“pci#ven_1000&dev_0030″ must exist in HKEY_LOCAL_MACHINE -> SYSTEM -> ControlSet001 -> Control -> CriticalDeviceDatabase and be configured properly.

–A Registry Key:

“symmpi” must exist in HKEY_LOCAL_MACHINE -> SYSTEM -> ControlSet001 -> Services must exist and be configured properly.

First we check to see if C:\WINDOWS\SYSTEM32\DRIVERS\SYMMPI.SYS exists on your boot drive. I am assuming your boot drive is C: and your Windows installation directory is C:\WINDOWS.

C:\WINDOWS\SYSTEM32\DRIVERS\SYMMPI.SYS

In BartPE click on GO, and then open a command prompt.

–type C: and press ENTER

–type cd\ and press ENTER

–type dir and press ENTER

–Make sure that this looks like the C:\ drive on “Broken Virtual Machine”
–if you see a C:\Windows or C:\WINNT folder than most likely this is your boot drive if not, try and figure out your boot drive by trying different things.
–Try and remember where you installed Windows, usually it is C:\WINDOWS or C:\WINNT we will assume your installation path is C:\WINDOWS

–type dir c:\windows\system32\drivers\SYMMPI.SYS
    — Good Output –
        C:\>dir c:\windows\system32\drivers\SYMMPI.SYS
         Volume in drive C has no label.
         Volume Serial Number is 94C7-D124
         Directory of c:\windows\system32\drivers
        02/18/2005  03:40 AM            84,992 symmpi.sys
                1 File(s)         84,992 bytes
                0 Dir(s)   1,961,406,464 bytes free
        — Bad Output —

C:\>dir c:\windows\system32\drivers\symmpi.sys
         Volume in drive C has no label.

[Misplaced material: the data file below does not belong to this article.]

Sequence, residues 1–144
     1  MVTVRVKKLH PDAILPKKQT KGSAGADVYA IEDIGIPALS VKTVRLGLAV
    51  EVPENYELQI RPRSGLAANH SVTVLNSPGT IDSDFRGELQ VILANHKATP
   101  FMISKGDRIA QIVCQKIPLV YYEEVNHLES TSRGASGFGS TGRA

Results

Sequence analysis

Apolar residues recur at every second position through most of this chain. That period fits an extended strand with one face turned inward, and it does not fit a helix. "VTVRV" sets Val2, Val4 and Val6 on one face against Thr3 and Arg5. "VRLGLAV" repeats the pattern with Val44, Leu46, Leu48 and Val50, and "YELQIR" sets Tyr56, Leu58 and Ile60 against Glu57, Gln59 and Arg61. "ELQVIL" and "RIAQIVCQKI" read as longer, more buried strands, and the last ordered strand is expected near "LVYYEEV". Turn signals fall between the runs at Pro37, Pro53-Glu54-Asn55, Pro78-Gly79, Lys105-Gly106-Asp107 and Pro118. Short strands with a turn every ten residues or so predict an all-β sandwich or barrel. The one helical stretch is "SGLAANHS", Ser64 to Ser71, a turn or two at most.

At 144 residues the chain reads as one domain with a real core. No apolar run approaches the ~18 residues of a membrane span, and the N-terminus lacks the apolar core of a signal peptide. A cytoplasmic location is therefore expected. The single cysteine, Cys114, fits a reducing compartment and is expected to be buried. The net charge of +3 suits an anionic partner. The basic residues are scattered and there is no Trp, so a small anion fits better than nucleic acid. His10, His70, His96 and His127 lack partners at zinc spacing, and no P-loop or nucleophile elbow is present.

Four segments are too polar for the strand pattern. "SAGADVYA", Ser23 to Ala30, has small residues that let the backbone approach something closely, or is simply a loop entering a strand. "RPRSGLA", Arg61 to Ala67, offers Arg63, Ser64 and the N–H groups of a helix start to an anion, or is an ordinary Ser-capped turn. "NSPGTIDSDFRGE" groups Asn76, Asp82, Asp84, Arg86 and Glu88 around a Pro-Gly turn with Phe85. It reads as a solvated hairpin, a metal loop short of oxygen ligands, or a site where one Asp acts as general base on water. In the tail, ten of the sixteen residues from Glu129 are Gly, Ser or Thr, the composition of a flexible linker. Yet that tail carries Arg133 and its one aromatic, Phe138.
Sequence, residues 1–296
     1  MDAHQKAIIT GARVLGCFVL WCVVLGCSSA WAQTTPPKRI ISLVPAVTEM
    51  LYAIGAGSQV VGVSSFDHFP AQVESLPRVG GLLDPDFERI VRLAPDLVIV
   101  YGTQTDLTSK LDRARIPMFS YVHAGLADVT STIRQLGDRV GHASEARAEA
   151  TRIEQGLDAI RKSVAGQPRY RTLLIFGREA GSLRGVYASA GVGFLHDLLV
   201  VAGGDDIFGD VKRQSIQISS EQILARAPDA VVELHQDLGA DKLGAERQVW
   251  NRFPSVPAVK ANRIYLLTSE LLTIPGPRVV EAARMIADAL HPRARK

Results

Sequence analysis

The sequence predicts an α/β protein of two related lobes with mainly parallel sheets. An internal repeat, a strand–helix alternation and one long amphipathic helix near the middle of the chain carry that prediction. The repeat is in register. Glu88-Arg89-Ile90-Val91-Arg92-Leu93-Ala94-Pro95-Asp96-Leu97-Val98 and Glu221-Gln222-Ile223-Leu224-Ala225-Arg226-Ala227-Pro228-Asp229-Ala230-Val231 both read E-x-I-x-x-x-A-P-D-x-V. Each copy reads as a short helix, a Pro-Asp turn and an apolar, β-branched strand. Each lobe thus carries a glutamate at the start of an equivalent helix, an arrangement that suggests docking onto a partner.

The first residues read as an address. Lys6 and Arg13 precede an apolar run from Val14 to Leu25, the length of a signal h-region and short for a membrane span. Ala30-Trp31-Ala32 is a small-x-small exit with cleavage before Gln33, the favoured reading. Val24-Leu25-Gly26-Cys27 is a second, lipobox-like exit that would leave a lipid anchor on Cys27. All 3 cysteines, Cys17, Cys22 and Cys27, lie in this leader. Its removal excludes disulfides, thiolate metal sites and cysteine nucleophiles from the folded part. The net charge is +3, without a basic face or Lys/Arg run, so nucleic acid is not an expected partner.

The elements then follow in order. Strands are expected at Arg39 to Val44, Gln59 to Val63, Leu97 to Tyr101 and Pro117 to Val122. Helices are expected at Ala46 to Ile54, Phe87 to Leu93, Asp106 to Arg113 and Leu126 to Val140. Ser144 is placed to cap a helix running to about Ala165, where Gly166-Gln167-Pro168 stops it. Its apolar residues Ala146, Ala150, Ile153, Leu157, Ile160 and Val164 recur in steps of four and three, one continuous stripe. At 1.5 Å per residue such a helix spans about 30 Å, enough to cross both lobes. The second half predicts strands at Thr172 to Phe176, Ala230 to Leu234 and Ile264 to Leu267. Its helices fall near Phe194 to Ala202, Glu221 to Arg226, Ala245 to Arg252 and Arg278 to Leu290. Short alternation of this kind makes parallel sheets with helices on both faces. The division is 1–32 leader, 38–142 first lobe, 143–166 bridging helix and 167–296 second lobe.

Volume Serial Number is 042C-5F95

         Directory of c:\windows\system32\drivers

        File Not Found
    — end example output–

        if the file is there, you’re in luck! if not, we will have to find you a copy but don’t worry just yet, it is not too difficult to find usually.

    — If you have symmpi.sys move on to the next step.
    OR
        — if you do not have symmpi.sys stick around for a moment.
        — Many times OEM vendors or folks who build their own PCs know to copy the contents of the Windows installation CD to some obscure location on the hard disk, we’re hoping this is the case!
        — Lets see if we can get lucky.

– type dir /s symmpi.sy_

(What we’re doing is searching C:\ (or your boot drive) for a file called symmpi.sy_) Note: .sy_ is the compressed sys driver file.
        — Good Output —
            C:\>dir /s symmpi.sy_
             Volume in drive C has no label.
             Volume Serial Number is 94C7-D124

             Directory of C:\AMD64

            03/22/2006  07:00 AM            37,033 SYMMPI.SY_
                       1 File(s)         37,033 bytes
        — Bad Output —
            C:\>dir /s symmpi.sy_
            Volume in drive C has no label.
             Volume Serial Number is 94C7-D124
            File Not Found
        — end example output —

– If it turns out that you have a copy of SYMMPI.SY_ on your computer, note the location, in the case above its C:\AMD64

–type H: and press ENTER
All we have to do now is extract the file.
–type extract C:\AMD64\SYMMPI.SY_ C:\WINDOWS\SYSTEM32\DRIVERS\SYMMPI.SYS
Note: If you get an error about extract not being a valid 32 bit application you’re not in the right path. It is trying to use the 64 binary. type H: and press enter and try again.
extract should complete.
–type dir c:\windows\system32\drivers\SYMMPI.SYS
        OR
– If it turns out that you do not have a copy of SYMMPI.SY_ you will need to copy it off of your 64Bit Windows installation media.
Put the CD-ROM in your drive
Figure out which drive letter BartPE has assigned to your CD-ROM Drive (I will assume it is D:)
– type D: and press ENTER
– type dir /s SYMMPI.SY_
— Good Output —
C:\>dir /s SYMMPI.SY_
Volume in drive D has no label.
Volume Serial Number is 94C7-D124
Directory of D:\AMD64
03/22/2006  07:00 AM            37,033 SYMMPI.SY_
                                    1 File(s)         37,033 bytes
— Bad Output —

C:\>dir /s SYMMPI.SY_
Volume in drive D has no label.
Volume Serial Number is 94C7-D124
File Not Found
— end example output —